It was a fateful day. The entire Hamas leadership, according to Israeli intelligence, had gathered in a single home in Gaza:
The air force chief was on the line, assessing the likely impact of the bomb. He said there was a problem.
A half-ton bomb wouldn't finish the job, the air force chief said. A one-ton bomb would blow out the neighboring apartment building, which was filled with dozens of families.
Immediately, Dichter and Yaalon began to argue. Dichter favored the heavy bomb; Yaalon wanted to abort the operation. They both had worked for decades in counter-terrorism, had served in the same secret commando unit and had, as Dichter put it, "traveled together without passports deep into Arab lands."
But they had emerged with different conclusions. For Dichter, "the barrel of terrorism has a bottom." If you captured or killed enough terrorists, Dichter believed, the problem would be solved. "They deserved a bomb that would send the dream team to hell," Dichter said. "I said, 'If we miss this opportunity, more Israelis will die.' "
Yaalon disagreed: "We won't get to the bottom of the barrel by killing terrorists. We'll get there through education. Dichter thinks we'll kill, kill, kill, kill, kill. That's it -- we've won. I don't accept that."
While Yaalon said the army had to consider the support of the Israeli public -- unlikely to favor civilian deaths -- and international legitimacy, Dichter said that from an operational point of view, a one-ton bomb made sense. "There is no fair fight against terrorists," Dichter said. "Never has been. Never will be."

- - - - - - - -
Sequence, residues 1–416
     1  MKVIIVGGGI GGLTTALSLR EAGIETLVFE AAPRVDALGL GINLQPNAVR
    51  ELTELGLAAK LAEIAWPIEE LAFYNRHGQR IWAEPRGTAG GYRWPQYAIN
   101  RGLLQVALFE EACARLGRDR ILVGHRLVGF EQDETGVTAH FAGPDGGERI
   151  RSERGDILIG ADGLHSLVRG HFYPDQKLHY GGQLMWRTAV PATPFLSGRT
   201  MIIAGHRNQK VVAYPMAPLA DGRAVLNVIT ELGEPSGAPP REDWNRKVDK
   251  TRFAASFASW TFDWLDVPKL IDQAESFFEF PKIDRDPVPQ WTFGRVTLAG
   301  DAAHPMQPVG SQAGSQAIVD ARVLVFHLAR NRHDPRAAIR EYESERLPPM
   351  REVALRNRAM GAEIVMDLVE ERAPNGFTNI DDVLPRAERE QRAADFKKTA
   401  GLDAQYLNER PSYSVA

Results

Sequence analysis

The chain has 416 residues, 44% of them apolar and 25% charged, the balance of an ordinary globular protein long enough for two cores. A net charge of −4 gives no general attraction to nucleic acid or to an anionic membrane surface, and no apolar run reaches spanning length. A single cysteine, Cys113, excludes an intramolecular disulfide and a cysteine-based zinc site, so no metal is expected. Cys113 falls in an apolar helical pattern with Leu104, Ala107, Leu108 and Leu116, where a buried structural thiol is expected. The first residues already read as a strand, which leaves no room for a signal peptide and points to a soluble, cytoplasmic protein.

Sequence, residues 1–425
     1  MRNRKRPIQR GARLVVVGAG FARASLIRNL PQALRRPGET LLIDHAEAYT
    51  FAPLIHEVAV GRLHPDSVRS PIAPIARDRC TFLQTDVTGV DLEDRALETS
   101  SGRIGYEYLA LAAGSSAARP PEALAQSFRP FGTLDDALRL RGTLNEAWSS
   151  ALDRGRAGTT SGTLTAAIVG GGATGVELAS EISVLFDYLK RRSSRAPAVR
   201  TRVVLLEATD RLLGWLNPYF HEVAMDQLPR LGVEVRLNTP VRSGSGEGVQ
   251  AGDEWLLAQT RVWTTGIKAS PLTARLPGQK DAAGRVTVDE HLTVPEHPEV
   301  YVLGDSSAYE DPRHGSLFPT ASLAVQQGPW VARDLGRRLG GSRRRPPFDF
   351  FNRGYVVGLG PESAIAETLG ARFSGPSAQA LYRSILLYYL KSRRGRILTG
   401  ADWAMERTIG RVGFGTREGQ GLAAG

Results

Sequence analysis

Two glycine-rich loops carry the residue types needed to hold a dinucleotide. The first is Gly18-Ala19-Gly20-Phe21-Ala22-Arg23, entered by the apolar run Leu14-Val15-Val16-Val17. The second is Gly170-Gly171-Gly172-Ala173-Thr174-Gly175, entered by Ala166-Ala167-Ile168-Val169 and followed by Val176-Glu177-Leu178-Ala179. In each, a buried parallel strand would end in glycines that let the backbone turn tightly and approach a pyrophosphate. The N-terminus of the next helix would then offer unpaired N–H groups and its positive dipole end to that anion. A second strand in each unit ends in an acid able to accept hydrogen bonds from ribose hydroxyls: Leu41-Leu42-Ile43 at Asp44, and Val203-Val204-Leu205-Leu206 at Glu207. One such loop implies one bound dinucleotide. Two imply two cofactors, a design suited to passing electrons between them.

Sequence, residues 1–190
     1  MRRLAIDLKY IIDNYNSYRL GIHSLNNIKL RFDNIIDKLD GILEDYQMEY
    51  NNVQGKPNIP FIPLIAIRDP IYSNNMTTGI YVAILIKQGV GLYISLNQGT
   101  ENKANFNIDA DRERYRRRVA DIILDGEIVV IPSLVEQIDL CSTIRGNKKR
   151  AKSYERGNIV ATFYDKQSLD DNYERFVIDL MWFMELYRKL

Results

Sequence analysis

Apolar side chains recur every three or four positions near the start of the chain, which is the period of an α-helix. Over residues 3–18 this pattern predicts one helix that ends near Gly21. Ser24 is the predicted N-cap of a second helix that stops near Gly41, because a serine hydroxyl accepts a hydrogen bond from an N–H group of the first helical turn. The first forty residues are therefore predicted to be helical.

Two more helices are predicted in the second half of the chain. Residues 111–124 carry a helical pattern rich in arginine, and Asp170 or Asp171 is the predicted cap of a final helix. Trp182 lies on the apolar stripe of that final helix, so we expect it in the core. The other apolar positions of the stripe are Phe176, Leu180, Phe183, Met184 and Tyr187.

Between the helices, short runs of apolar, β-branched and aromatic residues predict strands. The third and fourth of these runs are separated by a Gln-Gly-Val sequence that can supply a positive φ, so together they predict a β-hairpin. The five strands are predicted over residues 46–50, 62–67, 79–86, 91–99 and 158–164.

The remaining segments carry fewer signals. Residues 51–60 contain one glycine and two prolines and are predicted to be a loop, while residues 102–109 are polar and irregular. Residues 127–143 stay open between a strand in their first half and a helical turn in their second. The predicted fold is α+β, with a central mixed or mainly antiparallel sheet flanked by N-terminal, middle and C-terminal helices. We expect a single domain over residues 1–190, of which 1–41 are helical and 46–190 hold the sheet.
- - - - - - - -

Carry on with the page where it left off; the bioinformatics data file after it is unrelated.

The debate lasted for hours, observers said, and grew louder and larger. The prime minister's adviser, Gallant, sided with Dichter. The defense minister, Mofaz, sided with Yaalon. Dichter recalled: "If you didn't have a strong heart, you'd have a heart attack."
"How can we look in the eyes of our pilots if they kill innocent people?" Yaalon argued.
"And if the terrorists walk out alive, and tomorrow another bus explodes, how do we explain it to our people?" Dichter said.
Only once, Yaalon said, did he knowingly authorize a hit that would also kill a noncombatant, the wife of Salah Shehada. Shehada helped found Hamas's military wing, which had asserted responsibility for killing 16 soldiers and 220 Israeli civilians. In 2002, the air force dropped a one-ton bomb on his home. The blast also destroyed a neighboring house, which Yaalon said he had thought was empty. Fifteen civilians were killed, including nine children. It felt, Yaalon said, "like something heavy fell on my head."
When Yaalon makes this kind of decision, he said, it must pass "the mirror test": At the end of the day, will he be able to look at himself in the mirror?
There's more. It's a fascinating article. But the inescapable conclusion, if the report is accurate, is that Yaalon consistently favored the enemy's civilians over our own, however critical the terrorist being targeted.
He may have opposed disengagement (at least behind closed doors), but that doesn't make him a hawk. And neither does it qualify him to join the ranks of Israel's leadership.